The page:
When therefore we speak of the salvation of the Church, we ought not to gather into one bundle all who profess themselves to be the children of God; for we see that hardly one in a hundred worship God in truth and without hypocrisy, for the greater part abuse his name. We see, at this day, how dishonest is the boasting of the Papists; for they think that the Church of God dwells among them, and they scorn us because we are few. When we say that the Church of God is to be known by the word and the pure administration of the sacraments, “Indeed,” they say, “could God have forsaken so many people among whom the gospel has been preached?” They think that after Christ has been once made known, his grace remains fixed, and cannot by any means be taken away whatever may be the impiety of men. Since then the Papists so shamefully lay claim to the name of Church, because they are many in number, it is no wonder that the Prophet, who had the same contest with the Jews and Israelites, had here expressly mentioned a remnant; as though he said, “In vain do the ungodly boast of God’s name, since he regards them not as his people.” The same truth we observe in Psalm 15, and in Psalm 24; where the citizens of the Church are described; they are not those who pride themselves on external symbols, but who worship God with a sincere heart, and deal honestly with their neighbors; such dwell on the mountain of God. It was not a difficult thing for hypocrites to thrust themselves into the sanctuary, and to present there their sacrifices to God; but the Prophet shows that none are owned by God, but those who have a sincere heart and pure hands. So also in this place Joel says, that this Church indeed would be saved, but not the vast multitude, — who then? the remnant only.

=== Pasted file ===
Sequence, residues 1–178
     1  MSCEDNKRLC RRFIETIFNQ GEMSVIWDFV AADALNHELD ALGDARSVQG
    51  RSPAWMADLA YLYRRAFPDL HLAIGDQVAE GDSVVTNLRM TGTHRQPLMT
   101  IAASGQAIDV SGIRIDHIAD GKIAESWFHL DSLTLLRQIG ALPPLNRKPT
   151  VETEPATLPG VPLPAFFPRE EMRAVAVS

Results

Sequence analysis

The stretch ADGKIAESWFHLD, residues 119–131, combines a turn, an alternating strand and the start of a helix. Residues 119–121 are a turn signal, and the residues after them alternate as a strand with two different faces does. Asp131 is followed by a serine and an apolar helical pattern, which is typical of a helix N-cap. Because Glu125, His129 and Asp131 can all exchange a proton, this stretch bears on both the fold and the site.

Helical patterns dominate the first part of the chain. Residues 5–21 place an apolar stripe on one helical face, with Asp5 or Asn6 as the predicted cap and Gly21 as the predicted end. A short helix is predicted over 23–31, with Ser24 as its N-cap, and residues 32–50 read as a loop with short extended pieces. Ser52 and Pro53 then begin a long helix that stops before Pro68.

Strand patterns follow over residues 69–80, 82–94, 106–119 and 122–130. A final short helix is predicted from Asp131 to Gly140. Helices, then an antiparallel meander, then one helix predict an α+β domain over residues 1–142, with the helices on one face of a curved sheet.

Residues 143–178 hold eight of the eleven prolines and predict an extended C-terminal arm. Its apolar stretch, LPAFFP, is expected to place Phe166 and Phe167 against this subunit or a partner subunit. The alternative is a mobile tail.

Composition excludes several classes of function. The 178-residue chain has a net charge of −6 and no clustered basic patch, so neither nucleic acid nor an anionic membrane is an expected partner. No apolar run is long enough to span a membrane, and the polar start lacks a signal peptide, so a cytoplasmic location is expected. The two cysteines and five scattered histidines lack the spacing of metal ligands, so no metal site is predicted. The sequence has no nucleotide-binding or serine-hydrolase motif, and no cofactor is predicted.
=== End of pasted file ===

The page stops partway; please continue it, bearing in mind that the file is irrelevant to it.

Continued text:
But the clause which follows must be noticed, Whom Jehovah shall call. We have already seen that the Church of God consists often of a very small number; for God counts not any his children, but those who devote themselves sincerely and from the heart to his service, as Paul says ‘Whosoever calls on the name of God, let him depart from iniquity;’ and many such are not found in the world.